When it comes to disinformation and misinformation, it is essential that the Irish Government provides readily available and accessible information on immigration – an information campaign launch is well overdue.

In the long-term, digital literacy has to become a key focus in education in order to equip the next generation with the skills necessary to identify fake news and deepfakes. We are in the era of AI, the wider effects of which can be neither fully understand nor predicted yet.

With elections in a little over six weeks, the Irish Government and political parties are on the back foot with dwindling time to gain ground. An Ireland Thinks poll in February revealed that 35% of those surveyed would consider voting for a party or candidate with anti-immigrant views – and it appears they will have plenty of candidates to choose from.

In the past week, Ireland has experienced more protests, a minister’s personal home was covered in threatening anti-immigrant signs, six people were arrested in violent scenes on Thursday night, and a debate centred on immigration carried out on national radio opined “Is our Government ‘at war’ with its own people?” – a grotesque appropriation of language of war when the world is witnessing the daily slaughter of innocent people and children in Gaza.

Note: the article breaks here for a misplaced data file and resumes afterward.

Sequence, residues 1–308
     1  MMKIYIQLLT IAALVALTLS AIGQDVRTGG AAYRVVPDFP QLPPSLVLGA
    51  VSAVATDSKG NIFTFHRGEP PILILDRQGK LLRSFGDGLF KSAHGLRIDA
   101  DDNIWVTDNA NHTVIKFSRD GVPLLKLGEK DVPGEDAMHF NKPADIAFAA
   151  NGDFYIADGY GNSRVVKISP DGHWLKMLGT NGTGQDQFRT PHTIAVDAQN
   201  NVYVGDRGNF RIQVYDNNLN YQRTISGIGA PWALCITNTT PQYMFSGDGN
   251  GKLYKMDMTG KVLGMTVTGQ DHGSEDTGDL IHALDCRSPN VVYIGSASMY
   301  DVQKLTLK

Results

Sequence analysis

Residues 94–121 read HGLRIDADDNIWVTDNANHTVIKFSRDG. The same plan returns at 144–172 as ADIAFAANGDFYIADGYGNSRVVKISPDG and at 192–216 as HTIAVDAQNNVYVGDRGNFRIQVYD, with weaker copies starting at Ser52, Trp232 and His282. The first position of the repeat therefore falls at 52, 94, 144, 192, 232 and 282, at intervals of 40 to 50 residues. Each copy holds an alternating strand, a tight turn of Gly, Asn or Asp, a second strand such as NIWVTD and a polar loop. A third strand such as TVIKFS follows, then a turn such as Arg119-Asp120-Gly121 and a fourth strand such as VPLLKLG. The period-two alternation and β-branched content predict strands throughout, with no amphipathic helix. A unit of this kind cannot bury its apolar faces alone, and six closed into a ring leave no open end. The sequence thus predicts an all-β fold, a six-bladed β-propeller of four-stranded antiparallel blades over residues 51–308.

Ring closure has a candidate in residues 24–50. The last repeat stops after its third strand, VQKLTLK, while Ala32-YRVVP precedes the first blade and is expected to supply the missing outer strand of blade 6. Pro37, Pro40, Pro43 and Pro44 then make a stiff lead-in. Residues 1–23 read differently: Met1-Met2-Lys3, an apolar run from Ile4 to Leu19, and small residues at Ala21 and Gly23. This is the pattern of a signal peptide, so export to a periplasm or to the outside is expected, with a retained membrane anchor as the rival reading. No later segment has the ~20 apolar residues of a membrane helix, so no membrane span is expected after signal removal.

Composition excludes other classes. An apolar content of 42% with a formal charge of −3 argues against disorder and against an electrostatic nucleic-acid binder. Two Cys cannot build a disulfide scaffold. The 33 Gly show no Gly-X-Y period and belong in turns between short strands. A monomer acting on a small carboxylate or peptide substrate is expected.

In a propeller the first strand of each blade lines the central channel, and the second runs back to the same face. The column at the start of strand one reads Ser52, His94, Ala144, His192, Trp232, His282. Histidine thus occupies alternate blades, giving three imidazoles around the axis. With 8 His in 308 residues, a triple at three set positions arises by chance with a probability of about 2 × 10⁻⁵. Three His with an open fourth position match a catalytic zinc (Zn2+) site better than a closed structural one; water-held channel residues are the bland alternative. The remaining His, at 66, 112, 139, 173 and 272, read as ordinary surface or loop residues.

Ireland is a nation of emigrants with generations of citizens forced to flee due to war, famine, and more recently the recession. To be anti-immigrant in Ireland is to be ignorant of one’s own history.

If the far-right succeeds in its aims in June – whether that’s gaining elected representatives or fundamentally destabilising the political agenda in Ireland – it will be a blight on Ireland’s history and a catalyst for further division. Those of us directly impacted by the sociopolitical failings of the UK, and the ongoing damage caused by Brexit, know only too well where this path may lead.